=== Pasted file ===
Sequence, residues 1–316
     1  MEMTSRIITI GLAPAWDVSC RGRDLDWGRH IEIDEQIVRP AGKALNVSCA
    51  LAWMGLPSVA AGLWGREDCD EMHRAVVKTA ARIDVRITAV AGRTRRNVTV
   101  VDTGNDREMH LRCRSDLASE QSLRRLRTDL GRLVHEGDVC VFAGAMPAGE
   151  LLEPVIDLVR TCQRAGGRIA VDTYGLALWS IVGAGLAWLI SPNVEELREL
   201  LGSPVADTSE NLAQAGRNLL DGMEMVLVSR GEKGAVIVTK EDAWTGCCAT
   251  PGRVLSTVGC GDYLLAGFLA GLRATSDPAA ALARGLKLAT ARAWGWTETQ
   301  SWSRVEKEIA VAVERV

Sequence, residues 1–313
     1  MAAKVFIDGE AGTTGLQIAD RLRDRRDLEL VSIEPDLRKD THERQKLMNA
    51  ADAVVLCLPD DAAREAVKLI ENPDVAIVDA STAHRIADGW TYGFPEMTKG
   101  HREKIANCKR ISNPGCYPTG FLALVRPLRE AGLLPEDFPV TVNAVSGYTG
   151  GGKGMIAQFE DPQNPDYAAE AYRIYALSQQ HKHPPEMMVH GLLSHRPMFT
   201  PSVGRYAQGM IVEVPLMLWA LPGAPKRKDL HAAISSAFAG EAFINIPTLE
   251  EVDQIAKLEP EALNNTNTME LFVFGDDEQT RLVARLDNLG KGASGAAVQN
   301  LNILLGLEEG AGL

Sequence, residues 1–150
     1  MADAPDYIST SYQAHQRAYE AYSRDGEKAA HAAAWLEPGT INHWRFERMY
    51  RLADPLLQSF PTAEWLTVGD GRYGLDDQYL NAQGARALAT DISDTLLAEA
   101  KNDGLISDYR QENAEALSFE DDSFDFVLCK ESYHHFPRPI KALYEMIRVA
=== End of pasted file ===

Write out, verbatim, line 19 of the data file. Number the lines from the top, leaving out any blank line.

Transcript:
    51  RLADPLLQSF PTAEWLTVGD GRYGLDDQYL NAQGARALAT DISDTLLAEA